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Hyperion Records

CDD22007 - Rubinstein: Complete Piano Sonatas
(Originally issued on CDA66017, CDA66105)

Recording details: Various dates
Art Workers Guild, Queen Square, London, United Kingdom
Produced by Andrew Keener
Engineered by Tony Faulkner
Release date: September 1996
Total duration: 122 minutes 30 seconds

'Leslie Howard understands Rubinstein's range of temperament very well indeed and I cannot think of another pianist whose advocacy could have been more persuasive … a notable pianistic achievement whose effect is heightened by Hyperion's lifelike digital recording' (Gramophone)

'Impressive, large-scale works… all brilliantly played' (The Tablet)

'Howard est à la fois un prodigieux virtuose et un poète capable de faire surgir de délicates visions de l'ivoire. Si l'on ajoute un imparable sens de la construction conférant une solide assise à ces édifices apolliniens, on comprend que ces sonates ont trouvé avec lui leur référence' (Diapason, France)

Complete Piano Sonatas
Moderato  [4'25]
Allegro con moto  [7'34]
Vivace  [9'32]
Andante  [7'48]
Allegro vivace  [7'51]
Moderato con moto  [15'23]
Allegro vivace  [6'57]
Andante  [10'48]
Allegro assai  [8'18]
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Introduction  EnglishFrançaisDeutsch
Nowadays there are a great many people who, upon encountering the name Rubinstein, would only think automatically of the Polish pianist, the late Artur Rubinstein. However, our subject (no relation) is the once world-renowned Russian composer and pianist Anton Grigoryevich Rubinstein who was born in Balta Podalia (Ukraine) on 28 November 1829. He died in Peterhof on 20 November 1894.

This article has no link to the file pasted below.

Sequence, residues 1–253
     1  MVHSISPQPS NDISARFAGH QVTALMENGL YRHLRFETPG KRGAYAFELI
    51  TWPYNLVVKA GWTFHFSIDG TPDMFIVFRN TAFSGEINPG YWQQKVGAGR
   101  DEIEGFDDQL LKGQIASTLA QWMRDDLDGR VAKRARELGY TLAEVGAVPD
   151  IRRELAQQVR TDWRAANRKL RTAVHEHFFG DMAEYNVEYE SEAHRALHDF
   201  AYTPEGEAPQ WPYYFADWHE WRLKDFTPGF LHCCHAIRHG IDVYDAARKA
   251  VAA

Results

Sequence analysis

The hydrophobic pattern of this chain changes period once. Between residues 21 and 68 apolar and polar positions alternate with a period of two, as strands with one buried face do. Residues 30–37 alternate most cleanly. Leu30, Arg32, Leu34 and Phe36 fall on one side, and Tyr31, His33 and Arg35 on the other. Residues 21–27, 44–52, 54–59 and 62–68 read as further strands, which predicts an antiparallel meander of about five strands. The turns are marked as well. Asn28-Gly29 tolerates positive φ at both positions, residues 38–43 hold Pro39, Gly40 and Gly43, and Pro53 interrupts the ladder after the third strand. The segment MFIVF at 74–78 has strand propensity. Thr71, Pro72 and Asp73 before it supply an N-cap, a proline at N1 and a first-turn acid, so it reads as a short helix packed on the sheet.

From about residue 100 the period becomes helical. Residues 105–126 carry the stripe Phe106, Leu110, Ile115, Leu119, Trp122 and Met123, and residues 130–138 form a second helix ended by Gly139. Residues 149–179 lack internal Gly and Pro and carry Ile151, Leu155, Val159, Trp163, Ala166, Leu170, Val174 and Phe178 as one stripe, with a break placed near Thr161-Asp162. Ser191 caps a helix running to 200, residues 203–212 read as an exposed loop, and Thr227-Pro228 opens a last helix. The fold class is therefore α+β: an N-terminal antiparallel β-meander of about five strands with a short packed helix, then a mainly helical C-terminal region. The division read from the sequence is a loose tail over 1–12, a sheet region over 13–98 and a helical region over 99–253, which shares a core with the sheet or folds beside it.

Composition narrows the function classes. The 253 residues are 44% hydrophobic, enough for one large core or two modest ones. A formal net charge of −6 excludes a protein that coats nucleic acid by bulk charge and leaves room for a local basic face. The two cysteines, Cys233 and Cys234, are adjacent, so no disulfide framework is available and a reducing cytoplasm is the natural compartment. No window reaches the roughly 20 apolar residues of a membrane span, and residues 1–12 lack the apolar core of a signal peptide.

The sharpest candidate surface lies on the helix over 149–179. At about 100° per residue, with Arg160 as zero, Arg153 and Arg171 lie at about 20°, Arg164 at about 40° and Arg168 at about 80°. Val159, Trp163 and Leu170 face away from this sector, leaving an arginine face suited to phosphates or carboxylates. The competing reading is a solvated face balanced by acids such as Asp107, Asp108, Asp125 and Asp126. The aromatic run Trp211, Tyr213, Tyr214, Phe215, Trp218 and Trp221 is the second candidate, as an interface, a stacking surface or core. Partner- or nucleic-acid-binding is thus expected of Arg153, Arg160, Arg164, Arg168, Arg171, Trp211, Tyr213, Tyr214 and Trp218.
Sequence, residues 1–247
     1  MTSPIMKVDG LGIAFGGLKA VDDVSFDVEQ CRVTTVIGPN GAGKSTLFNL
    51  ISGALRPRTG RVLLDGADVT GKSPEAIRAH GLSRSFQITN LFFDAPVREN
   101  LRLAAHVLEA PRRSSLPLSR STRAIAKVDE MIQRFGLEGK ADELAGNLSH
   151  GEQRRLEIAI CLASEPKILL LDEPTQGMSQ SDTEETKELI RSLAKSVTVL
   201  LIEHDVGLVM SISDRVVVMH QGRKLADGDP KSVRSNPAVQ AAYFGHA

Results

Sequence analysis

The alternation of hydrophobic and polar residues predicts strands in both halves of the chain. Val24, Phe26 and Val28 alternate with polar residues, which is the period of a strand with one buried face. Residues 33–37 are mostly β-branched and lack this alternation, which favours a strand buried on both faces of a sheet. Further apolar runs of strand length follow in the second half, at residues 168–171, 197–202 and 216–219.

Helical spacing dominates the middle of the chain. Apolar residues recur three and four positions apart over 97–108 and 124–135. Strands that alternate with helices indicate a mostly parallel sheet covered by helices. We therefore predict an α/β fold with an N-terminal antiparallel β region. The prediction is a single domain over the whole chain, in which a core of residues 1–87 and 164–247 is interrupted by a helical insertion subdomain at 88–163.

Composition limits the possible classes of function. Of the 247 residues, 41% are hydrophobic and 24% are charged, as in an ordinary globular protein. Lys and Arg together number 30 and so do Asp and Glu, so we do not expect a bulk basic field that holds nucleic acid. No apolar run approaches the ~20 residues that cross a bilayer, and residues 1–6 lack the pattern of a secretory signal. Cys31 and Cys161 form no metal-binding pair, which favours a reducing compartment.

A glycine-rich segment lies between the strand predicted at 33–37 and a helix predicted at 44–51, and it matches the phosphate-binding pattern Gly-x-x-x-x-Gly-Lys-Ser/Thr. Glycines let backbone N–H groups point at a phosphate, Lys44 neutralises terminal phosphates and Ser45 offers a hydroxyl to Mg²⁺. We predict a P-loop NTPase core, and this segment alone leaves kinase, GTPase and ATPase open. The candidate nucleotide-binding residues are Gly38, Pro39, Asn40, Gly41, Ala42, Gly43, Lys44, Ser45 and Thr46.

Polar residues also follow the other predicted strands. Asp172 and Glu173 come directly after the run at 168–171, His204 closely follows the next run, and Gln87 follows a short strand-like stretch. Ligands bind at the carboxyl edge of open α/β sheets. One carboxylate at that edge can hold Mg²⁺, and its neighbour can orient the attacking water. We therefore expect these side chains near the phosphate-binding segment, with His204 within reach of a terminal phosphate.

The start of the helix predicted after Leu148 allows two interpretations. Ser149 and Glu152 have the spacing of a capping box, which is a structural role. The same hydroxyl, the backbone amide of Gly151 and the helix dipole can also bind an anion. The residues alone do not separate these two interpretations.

In his lifetime, Anton Rubinstein was highly regarded as a pianist, as a conductor, as the first great Russian teacher whose methods and administration are still echoed in the modern Russian musical institutions, and as a prolific composer. Although he was certainly a conservative composer, he was also an influential one, and those who are lucky enough to unearth any of the once famous large-scale works can immediately see passages which were imitated by younger composers whose fame eventually eclipsed Rubinstein’s. Although the Romantic revival seems largely to have passed Rubinstein by—he is still recalled for a small handful of piano pieces and songs—there is always a case for reviving music which, in its time, was so well respected and which, in any case, is agreeable and well made.

Rubinstein’s own piano playing was one reason for the original success of his sonatas and concertos. He was, by general concensus, the greatest pianist since Liszt, and there are many accounts of performances which ranged from deeply sensitive to electrifying, though unfortunately he died just a little too early to leave us any recordings. His repertoire was enormous and all-embracing, and his most famous series of concerts was the cycle of seven Historical Recitals with which he toured Europe in 1885. These programmes began with early keyboard music of the English, French, Italian and German schools, moving through all the important Classical and early Romantic composers and ending with a selection of Russian piano music. Schumann and Chopin featured above all others. Only early music of Liszt appeared (Rubinstein felt that Liszt’s later forays into modern harmony were unacceptable) and Brahms was not featured at all (he loathed Brahms’s music, partly because Brahms had borrowed a great many ideas from him without acknowledgement, and had then written a great many unkind things about the very pieces by which he had been influenced).